Lighting the torch to end malnutrition

With the 2016 Summer Olympics in Rio de Janeiro just over a year away—along with the next Nutrition for Growth conference hosted by the Government of Brazil—1,000 Days hosted nutrition leaders and advocates on Capitol Hill earlier this year to “light the torch” for nutrition.

The event featured Melinda Gates (co-chair of the Bill & Melinda Gates Foundation), Julie Foudy (three-time Olympic Medalist), the Honorable Luiz Alberto Figueiredo Machado (the Ambassador of Brazil to the U.S.).

Numerous Members of Congress from both sides of the aisle participated in the event, including Representatives Ed Royce (R-CA), Chris Smith (R-NJ), Betty McCollum (D-MN), Rosa DeLauro (D-CT), Renee Ellmers (R-NC) and Jim McGovern (D-MA), demonstrating the truly bi-partisan nature of tackling hunger and malnutrition around the world. Krysta Harden, Deputy Secretary of the U.S. Department of Agriculture, reinforced this message, stating that malnutrition has neither geographic nor political boundaries.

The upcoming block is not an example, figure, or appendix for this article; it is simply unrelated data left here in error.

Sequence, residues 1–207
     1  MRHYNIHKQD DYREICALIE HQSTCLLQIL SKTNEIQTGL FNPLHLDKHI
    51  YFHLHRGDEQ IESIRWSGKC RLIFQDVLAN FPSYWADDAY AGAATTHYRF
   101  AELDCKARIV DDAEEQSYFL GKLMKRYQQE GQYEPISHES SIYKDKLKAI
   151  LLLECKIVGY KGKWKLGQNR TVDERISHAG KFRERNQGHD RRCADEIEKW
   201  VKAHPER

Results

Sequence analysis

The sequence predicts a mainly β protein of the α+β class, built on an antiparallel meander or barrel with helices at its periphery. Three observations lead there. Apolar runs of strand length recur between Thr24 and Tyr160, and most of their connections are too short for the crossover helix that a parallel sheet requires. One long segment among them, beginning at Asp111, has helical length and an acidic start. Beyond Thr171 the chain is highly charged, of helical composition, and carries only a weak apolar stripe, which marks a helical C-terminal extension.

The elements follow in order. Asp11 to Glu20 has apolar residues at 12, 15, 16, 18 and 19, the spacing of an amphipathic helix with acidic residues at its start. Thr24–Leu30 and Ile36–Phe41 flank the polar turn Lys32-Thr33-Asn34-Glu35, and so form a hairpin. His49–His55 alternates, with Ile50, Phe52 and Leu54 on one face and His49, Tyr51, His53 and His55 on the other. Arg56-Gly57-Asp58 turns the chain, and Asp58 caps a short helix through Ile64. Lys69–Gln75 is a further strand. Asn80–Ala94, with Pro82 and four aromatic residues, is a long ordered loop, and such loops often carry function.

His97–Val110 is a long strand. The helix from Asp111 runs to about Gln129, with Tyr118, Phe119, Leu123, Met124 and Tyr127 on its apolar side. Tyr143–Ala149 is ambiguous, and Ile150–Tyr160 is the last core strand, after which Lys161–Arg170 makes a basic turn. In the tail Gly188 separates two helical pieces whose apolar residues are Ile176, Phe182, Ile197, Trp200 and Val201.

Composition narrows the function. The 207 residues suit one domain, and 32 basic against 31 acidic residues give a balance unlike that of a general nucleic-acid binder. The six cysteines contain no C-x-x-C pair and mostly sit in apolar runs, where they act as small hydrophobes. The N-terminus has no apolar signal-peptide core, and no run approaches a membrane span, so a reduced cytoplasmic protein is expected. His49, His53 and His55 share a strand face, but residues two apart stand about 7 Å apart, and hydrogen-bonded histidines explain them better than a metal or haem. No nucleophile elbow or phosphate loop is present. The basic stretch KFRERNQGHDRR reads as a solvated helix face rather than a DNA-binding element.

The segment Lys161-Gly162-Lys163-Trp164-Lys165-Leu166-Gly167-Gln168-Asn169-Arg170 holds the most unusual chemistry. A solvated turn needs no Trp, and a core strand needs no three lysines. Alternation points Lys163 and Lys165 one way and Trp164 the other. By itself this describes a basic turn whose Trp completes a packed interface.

During her keynote remarks, Melinda Gates highlighted the prolonged underinvestment in nutrition programs, noting that while malnutrition is responsible for more than half of all childhood deaths worldwide, less than one percent of overseas development assistance (ODA) is directed to nutrition programs. Proclaiming that “nutrition’s time is now,” Melinda Gates announced that the Gates Foundation would be “doubling down” on investments in nutrition to give women and children the opportunity to survive and thrive. She called on governments and organizations alike to join her Foundation in accelerating action on nutrition.

While the Olympic moment for nutrition may by over a year away, the message is clear: investing in nutrition is a golden opportunity.